S.L. EDWARDS: The incredible Yves Tourigny! He’s so dreamy. I am actually very lucky, because Yves is great to work with and an incredible talent. Scarlett R. Algee of Journalstone let me pick my artist, and Yves listened to my description of what I had in mind. His stuff is great, and what kills me is how varied his art can be. He’s really one of the most talented people we have in weird fiction right now.

You’ve all been part of the publishing industry for a number of years now. What’s been the most surprising part of being a writer, something that you wouldn’t have ever expected before you embarked on this career?

GABY TRIANA: I never expected to switch genres 2/3 of the way through my 18-year career. I started out in YA contemporary and thought I’d always be in YA contemporary, even though my first love was horror and continues to be. But I figured if this is the door through which I entered, this is where I’ll stay. Not so. I tried my hand at adult romance as well, and now I’ve found my true writing self in horror.

ZIN E. ROCKLYN: Can’t lie, I expected writing to become easier. Foolish, I know, lol.

REGINA GARZA MITCHELL: The most surprising part to me is how hard you have to work to promote yourself and how much relies on social media. That is not a comfortable space for me in general, and I struggle with trying to maintain privacy while still being out there as authentically as possible in a space where I have to have a general public persona, a professional persona, and a writing persona. I’m just one person – a fairly shy one – and I’d rather be a hermit and hide away from the self-promotion aspect. At the same time, I’ve met some great people I wouldn’t have met otherwise, and I love the support that most writers are giving each other. That is something I think is incredibly important.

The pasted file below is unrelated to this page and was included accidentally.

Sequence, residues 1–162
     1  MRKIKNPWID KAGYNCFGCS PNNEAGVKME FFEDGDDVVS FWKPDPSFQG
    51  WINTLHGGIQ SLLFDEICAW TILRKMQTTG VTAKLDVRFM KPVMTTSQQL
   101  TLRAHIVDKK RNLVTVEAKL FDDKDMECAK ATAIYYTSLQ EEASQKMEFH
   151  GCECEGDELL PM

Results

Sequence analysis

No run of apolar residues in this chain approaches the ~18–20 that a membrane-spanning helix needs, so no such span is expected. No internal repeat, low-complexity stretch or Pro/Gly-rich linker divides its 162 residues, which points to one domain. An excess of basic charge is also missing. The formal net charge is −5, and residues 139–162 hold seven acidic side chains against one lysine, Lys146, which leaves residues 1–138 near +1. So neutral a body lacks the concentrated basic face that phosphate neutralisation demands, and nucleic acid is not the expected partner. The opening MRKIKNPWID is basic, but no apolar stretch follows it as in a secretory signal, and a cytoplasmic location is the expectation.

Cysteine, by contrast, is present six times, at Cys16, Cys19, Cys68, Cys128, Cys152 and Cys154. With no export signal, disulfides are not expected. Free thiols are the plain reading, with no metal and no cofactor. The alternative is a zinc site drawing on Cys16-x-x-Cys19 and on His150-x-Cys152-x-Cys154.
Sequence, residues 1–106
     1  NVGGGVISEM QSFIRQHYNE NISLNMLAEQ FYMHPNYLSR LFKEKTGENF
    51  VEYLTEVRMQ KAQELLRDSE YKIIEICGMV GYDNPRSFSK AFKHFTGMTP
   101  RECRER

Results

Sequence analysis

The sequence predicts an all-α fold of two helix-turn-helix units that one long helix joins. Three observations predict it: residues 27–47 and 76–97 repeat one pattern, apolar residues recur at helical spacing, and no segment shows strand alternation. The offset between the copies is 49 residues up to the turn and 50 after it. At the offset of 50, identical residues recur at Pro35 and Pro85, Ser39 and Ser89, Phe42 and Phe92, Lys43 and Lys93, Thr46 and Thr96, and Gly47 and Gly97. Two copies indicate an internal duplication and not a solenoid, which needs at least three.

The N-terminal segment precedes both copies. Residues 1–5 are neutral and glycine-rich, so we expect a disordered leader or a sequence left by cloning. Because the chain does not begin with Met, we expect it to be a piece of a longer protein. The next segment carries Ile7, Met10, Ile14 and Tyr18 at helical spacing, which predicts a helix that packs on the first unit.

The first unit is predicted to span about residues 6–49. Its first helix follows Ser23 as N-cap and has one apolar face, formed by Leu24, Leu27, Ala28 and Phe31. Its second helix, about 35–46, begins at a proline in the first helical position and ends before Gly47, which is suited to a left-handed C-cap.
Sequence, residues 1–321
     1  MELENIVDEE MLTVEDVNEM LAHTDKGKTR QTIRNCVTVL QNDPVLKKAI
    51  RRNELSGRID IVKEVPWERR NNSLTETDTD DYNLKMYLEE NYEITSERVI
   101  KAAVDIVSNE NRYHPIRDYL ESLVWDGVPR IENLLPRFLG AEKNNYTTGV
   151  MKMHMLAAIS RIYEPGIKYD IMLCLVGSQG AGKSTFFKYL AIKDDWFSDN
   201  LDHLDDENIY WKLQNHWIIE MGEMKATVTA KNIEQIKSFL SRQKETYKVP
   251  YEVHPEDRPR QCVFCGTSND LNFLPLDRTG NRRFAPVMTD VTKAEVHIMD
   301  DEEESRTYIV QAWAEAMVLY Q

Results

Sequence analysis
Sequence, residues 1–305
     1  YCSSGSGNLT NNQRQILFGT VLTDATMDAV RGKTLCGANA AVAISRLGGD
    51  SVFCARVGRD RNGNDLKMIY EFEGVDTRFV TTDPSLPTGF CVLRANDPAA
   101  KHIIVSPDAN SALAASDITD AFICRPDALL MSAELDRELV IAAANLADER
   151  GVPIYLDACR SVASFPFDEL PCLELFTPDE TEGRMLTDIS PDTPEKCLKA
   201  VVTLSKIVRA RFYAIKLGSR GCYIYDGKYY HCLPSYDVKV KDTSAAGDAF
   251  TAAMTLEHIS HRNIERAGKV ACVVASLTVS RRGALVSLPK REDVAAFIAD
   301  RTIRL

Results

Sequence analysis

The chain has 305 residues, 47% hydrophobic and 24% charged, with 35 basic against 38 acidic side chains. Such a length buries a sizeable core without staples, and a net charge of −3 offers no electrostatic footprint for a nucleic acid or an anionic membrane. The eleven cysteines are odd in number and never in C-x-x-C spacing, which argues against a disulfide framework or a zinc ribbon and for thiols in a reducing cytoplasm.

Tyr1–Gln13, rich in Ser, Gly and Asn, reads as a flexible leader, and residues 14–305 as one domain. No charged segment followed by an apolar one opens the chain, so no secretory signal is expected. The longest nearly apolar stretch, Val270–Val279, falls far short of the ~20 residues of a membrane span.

STEVE TOASE: I have a couple of different facets to my writing. I also freelance for magazines like Fortean Times, but for this I’m going to concentrate on fiction.

For me it’s the rejection process. It’s often framed as a battering part of writing, but I think there are positives. If you’re submitting to the same places it gives you a chance to build up a level of recognition with the editors, even if they’re rejecting that particular work. I know editors have said that one of the pleasures of a job is seeing new work from a writer change over the years as they improve and understand the tone of that particular magazine.

I always try to submit to the professional markets first. They generally reply quickly so there is still plenty of chance to sub to other markets if they decline to take a story (don’t self reject!). This means if you’re improving your writing, they’re going to notice, and you will start getting feedback. I can honestly say that I’ve ended up on friendly terms with editors through the submission process even though they’ve never taken one of my stories.

EDEN ROYCE: All of it, really. It’s so different from my former career, which was incredibly conservative and heavily regulated. But if I had to choose something I’d say it’s how much your work can impact people without your realizing it. I’ve had incredible feedback where readers have said how much it meant to see someone like themselves on the page.